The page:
clock menu more-arrow no yes mobile

Filed under:

Why Jordan Spieth's British Open challenge will be the toughest of his year

Several factors emerged to make Jordan Spieth's chances of winning The Open unlikely, but that hasn't stopped him before.

On the eve of the Open Championship, the breaks are not going in Jordan Spieth's favor, but he's already shown that it may not matter. A player who doesn't bomb it off the tee wasn't supposed to win the Masters anymore. A 21-year-old should not navigate all the attendant moaning and course complaints of a U.S. Open and win the "toughest test in golf." And no one should win the first three legs of a Grand Slam, unaccomplished since 1954, with such a course knowledge and prep disadvantage and slotted with a tee time facing the worst weather of the week.

The weather impacts the British Open more than any other event. It changes dramatically and quickly, presenting different courses for different players on the same day. It's at this event where the simple draw of your tee time can eliminate you regardless of your best and futile efforts. Tiger Woods, the last player to come to The Open holding the first two majors of the season, had his chance at the Grand Slam swept away by this fickle and misfortunate quirk. He played his third round in conditions that would only be ruled playable at the Open, and they were arguably the worst in the championship's history. A round of 81, the worst of his career at the time, ended his chance at the Grand Slam and it had little to do with his form or ability.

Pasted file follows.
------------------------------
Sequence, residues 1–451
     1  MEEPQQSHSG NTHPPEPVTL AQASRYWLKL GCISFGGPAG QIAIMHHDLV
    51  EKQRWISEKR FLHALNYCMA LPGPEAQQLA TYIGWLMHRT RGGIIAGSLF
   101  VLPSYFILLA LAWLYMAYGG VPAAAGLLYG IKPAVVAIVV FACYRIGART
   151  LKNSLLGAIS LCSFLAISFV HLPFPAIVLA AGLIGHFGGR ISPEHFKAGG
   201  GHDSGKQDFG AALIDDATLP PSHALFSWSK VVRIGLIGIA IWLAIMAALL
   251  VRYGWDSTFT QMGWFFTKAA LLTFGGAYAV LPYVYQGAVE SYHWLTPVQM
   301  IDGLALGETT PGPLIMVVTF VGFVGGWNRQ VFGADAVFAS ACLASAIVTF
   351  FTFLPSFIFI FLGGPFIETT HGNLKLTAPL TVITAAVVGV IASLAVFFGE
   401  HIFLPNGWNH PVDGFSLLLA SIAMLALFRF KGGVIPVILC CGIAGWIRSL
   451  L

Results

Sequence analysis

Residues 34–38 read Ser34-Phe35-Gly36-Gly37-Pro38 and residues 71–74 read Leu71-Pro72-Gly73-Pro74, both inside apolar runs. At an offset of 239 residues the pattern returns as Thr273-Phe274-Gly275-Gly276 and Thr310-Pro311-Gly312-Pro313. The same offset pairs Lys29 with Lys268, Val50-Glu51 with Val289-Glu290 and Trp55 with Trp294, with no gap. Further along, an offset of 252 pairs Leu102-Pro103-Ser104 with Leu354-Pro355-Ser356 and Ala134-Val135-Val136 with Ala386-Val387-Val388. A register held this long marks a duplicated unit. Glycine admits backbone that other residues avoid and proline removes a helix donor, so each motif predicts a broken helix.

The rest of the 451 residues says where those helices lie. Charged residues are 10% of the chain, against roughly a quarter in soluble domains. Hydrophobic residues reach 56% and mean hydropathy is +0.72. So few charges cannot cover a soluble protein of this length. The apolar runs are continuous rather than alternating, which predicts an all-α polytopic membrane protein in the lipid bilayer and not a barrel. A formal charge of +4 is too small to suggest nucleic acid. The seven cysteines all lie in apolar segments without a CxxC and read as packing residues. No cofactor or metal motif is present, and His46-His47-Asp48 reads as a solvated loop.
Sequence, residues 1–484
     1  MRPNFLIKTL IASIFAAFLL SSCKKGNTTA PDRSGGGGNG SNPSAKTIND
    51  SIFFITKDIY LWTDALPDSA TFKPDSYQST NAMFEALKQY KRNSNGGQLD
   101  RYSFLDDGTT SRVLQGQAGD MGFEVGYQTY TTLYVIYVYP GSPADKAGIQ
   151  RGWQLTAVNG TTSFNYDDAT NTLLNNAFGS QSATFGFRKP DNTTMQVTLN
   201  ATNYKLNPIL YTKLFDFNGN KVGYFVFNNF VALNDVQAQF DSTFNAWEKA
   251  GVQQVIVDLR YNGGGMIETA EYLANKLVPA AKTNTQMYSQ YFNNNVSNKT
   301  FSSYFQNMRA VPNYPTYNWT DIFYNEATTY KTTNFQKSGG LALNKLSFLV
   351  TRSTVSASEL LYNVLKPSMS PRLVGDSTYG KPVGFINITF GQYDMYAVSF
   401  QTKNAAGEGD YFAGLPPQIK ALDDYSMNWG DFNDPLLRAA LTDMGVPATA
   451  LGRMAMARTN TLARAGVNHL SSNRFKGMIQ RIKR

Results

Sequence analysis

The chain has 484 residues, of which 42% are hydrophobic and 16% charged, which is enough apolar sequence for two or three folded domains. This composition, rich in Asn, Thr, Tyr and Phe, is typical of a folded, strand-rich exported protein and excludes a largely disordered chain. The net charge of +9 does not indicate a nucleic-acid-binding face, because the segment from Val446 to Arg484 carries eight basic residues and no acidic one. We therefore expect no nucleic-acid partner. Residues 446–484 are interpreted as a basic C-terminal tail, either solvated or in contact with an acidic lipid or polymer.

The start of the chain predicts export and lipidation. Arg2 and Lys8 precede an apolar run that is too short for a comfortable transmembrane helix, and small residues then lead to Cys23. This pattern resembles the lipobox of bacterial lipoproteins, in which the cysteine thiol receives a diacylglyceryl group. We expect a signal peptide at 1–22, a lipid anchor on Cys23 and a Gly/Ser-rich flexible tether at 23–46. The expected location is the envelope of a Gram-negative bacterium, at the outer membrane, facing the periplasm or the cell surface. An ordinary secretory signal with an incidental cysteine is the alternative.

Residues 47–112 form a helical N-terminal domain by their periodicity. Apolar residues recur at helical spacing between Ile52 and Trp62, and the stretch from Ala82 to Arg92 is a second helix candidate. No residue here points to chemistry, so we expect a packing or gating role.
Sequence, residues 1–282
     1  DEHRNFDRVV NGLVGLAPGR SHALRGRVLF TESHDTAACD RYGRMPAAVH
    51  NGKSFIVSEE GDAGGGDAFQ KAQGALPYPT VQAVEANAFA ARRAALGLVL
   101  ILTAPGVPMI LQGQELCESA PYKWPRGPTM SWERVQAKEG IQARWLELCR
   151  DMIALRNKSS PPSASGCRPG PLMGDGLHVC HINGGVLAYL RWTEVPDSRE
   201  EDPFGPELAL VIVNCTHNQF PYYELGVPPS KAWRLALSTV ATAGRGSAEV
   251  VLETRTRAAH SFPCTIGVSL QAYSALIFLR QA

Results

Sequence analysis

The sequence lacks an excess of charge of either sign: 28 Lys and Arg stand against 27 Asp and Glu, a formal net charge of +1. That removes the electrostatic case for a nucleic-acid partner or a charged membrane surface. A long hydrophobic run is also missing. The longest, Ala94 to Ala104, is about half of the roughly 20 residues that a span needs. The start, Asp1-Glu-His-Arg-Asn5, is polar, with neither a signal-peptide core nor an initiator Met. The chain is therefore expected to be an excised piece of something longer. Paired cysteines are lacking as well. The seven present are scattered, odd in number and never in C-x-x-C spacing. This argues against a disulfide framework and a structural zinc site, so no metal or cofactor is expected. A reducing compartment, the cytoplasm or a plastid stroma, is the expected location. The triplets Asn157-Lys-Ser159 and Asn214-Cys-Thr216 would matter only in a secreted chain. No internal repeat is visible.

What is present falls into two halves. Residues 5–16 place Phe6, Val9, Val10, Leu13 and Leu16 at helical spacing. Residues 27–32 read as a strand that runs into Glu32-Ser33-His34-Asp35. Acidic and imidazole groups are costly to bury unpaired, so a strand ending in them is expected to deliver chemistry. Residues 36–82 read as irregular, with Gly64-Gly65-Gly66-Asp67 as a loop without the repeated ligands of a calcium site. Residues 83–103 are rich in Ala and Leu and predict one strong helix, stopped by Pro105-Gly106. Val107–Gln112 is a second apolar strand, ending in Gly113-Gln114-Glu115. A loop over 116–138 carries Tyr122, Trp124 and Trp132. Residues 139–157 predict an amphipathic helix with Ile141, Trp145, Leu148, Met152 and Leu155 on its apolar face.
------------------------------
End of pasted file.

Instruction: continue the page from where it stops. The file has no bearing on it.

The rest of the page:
With the caveat that things can change quickly at St. Andrews, Spieth finds himself on the wrong side of the draw at the start of the tournament. It should be clear and smooth for his early Thursday round and he'll need to post a number if the forecast for his second round holds. The Friday afternoon forecast calls for the most severe winds of the week, with gusts around 40 to 45 mph. Even the language of the forecast was unintentionally blunt -- "Winds will be quite complicated."

Tom Watson, a five-time Open champ and a modern master of links golf, said the equipment and young talent won't matter come Friday afternoon when it starts gusting like that. There will be scores in the 80s. Spieth has the better forecast for Thursday, and Friday's outlook may change, but that's what he is facing during this Grand Slam hype on the eve of The Open.

There's also the fact that the 21-year-old may be one of the least-familiar players with St. Andrews in the entire field. He's never played an Open, or even a competitive round, at the Old Course and he was one of the last to arrive in Scotland this week. Spieth has been second-guessed for weeks for committing to and playing the John Deere Classic on another continent last week. It continued even after he won that event on Sunday night and it will persist unless he wins this week.

Questioning his prep routine sucked up a good portion of his pre-Open press conference on Wednesday. In addition to his travel plan, how and who he practiced with when he finally got to Scotland started to be come under scrutiny: